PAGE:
What on earth is all the fuss for? I suggest that most readers won't understand this word Yahweh; therefore, if you must use it, it needs explaining, at least the first time it's used. I suppose there's a case to be made for using Yahweh wherever the text of Ezekiel uses it - but checking up all the instances would tax my patience beyond breaking point. Or else, where Professor Bloggs (our hypothetical source) uses Yaheh, we use Yahweh, and where he says God we say God. (We should of course be basing all our edits on Professor Bloggs and his colleagues, never directly on Ezekiel himself, since Bloggs, not we, is the expert and reliable source). PiCo (talk) 08:42, 29 December 2012 (UTC) (Just to clarify, I'm pretty much agreeing with the merry Til Eul. - not something you see every day). PiCo (talk) 08:45, 29 December 2012 (UTC)

The more I think about it, the more I'm convinced that our article should NOT use the word "God" where Ezekiel uses "YHWH". The reason is to do with the theology of the book itself: Ezekiel is an intensely patriotic work, written to rally the exiled Jews and remind them of the glory of their kingdom and the promise made to them by their God. That god, whose name was Yahweh, was not anyone else's god - NOT, unlike the Christian God, the sole deity of the entire world. Ezekiel was quite happy to see the Babylonians worshiping Marduk; he might have regarded Marduk as a wicked and evil god, but or he might even have regarded him as a delusion, but he certainly didn't think that the Babylonians needed to start worshiping YHWH. YHWH was the God of Israel alone - that's a major theological difference from what we mean when we say "God". PiCo (talk) 08:55, 29 December 2012 (UTC)

I don't see what this "difference" is. "God" in this context can also refer to the G-d of Israel alone, since that is the way Israelites view him. Just like it needs no explanation that "God" does not refer to Vishnu, it's not misleading to use "God" to mean the tetragrammaton as long as we explain that in this book that is who it refers to. --- Wikitiki89 (talk) - 02:18, 30 December 2012 (UTC)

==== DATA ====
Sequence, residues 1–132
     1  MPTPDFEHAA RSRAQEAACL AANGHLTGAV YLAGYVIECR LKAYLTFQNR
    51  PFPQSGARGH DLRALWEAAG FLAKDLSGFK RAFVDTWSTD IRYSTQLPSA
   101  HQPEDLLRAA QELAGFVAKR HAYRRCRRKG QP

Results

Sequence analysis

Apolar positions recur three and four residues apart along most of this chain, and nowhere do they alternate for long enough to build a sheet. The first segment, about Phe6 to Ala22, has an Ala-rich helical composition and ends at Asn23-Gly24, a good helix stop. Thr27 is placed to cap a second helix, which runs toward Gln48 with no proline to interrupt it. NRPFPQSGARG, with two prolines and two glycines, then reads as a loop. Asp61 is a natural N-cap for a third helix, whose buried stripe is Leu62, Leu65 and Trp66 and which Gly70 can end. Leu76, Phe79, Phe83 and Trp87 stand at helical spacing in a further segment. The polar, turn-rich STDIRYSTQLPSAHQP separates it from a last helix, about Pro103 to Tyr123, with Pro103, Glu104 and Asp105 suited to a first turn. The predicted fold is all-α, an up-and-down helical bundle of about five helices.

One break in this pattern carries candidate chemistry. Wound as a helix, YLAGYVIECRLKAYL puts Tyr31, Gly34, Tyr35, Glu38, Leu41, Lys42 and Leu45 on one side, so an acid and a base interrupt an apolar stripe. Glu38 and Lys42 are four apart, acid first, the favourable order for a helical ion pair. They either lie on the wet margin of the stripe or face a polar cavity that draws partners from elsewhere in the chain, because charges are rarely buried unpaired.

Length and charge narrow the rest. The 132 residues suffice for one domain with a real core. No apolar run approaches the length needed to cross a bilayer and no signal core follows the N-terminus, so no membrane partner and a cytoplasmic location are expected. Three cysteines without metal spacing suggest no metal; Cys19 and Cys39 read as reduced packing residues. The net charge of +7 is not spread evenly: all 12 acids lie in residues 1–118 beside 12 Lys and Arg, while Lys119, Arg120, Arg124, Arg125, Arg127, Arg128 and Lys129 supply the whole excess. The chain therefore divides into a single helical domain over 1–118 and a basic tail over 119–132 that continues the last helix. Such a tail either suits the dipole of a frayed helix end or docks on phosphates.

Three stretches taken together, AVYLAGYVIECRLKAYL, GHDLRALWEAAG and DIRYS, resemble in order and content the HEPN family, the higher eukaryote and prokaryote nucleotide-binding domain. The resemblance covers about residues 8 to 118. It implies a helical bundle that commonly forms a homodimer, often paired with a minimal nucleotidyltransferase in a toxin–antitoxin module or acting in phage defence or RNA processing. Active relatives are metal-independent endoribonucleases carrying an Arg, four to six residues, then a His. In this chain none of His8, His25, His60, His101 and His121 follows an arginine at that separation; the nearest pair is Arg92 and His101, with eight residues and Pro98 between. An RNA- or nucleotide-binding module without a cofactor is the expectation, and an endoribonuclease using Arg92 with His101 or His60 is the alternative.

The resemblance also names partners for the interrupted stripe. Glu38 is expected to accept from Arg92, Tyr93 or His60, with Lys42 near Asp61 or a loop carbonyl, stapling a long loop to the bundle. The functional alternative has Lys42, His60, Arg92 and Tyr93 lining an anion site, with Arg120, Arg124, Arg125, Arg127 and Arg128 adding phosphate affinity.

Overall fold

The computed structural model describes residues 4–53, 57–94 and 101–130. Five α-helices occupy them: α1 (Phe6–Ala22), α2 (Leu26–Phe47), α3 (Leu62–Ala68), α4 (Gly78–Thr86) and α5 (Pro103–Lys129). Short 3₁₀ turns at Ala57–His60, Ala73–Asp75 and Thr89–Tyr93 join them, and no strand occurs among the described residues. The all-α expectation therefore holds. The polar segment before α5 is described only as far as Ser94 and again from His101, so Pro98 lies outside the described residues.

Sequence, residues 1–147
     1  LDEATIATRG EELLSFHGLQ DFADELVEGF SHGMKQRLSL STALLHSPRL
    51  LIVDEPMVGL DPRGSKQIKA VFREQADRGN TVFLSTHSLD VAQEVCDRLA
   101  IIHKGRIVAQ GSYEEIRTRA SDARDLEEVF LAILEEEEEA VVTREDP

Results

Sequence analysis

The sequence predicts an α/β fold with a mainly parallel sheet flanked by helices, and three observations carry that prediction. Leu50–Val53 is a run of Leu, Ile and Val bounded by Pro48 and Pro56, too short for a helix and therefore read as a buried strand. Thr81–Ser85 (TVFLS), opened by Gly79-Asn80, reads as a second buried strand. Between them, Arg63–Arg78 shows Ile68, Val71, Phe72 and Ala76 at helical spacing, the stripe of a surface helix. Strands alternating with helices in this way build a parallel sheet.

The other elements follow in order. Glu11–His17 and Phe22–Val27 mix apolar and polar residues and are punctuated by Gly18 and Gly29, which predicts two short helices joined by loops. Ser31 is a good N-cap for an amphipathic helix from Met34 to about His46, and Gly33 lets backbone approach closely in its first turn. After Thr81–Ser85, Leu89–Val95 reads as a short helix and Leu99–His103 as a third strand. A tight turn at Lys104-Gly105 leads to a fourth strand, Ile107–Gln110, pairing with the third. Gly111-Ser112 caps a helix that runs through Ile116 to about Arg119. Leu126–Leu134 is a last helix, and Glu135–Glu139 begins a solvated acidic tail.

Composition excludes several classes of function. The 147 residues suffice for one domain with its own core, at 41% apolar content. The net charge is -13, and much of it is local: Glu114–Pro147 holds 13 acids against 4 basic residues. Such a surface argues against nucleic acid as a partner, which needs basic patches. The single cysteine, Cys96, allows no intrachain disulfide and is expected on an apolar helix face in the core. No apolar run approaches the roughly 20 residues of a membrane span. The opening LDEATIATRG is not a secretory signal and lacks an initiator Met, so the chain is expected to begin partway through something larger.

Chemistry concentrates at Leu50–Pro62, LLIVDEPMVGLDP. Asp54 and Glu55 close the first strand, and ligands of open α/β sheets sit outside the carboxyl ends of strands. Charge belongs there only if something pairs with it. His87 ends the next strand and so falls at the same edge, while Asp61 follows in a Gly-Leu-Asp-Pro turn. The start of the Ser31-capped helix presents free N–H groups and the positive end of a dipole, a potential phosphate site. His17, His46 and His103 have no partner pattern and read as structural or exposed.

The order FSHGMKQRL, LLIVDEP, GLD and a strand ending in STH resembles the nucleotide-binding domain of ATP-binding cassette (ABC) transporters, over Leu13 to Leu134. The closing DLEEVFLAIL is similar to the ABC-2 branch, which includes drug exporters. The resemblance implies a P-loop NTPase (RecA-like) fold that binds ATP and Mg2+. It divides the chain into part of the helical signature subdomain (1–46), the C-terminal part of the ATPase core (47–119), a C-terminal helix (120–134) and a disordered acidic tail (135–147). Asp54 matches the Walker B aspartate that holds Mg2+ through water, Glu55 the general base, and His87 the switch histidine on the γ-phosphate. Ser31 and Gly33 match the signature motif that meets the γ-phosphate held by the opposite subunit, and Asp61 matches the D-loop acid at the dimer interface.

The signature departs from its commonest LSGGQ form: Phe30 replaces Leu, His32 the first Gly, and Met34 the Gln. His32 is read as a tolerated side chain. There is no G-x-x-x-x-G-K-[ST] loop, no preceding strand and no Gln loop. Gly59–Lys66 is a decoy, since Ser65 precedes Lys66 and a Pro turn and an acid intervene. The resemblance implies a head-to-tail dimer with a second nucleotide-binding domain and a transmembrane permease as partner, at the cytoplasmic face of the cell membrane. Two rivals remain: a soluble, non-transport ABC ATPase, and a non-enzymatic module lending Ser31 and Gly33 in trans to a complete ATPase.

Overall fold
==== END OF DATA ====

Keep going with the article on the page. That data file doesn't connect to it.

The difference is that the word God (with a capital) means, for us, a single supernatural entity, albeit with three "persons" (if we're Christians - not if we're Jews or Muslims). That entity has certain qualities: he's all-powerful, he's the sole god of all the world, he created the universe from nothing, etc etc. The YHWH of Ezekiel wasn't like that at all. He was one of many gods, including Marduk and others. He was more powerful than those gods, but he wasn't the god of all the world (he helped only Israel),and he hadn't created the world from nothing (he formed it for human habitation, but he didn't create it out of nothing). I imagine this difference is the reason so many commentators use Yahweh instead.
Incidentally, please stop reverting Til - you were the one who introduced a change to the article, then it got reverted, so the next step is to discuss, not to get into a reversion competition. Heed the wise words of Mr Brear, who started this thread. (Even more incidentally, in case you think I'm a mate of Til's, I'm not - he can't stand me. But sometimes we agree).PiCo (talk) 03:12, 30 December 2012 (UTC)

Jehovah or Yahweh, Yahwah, Yahawah, Yahovah, Yaheveh, Yehaweh, Yehowah, Yehowih, Yehwih, Yahuweh, Yahueh, Yahuah[edit]

In the Hebrew language, God's personal name is written יְהוָ֑ה. These four letters, called the Tetragrammaton, are read from right to left in Hebrew and can be represented in many modern languages as YHWH or JHVH. God's name, represented by these four consonants, appears almost seven thousand times in the original "Old Testament," or Hebrew Scriptures.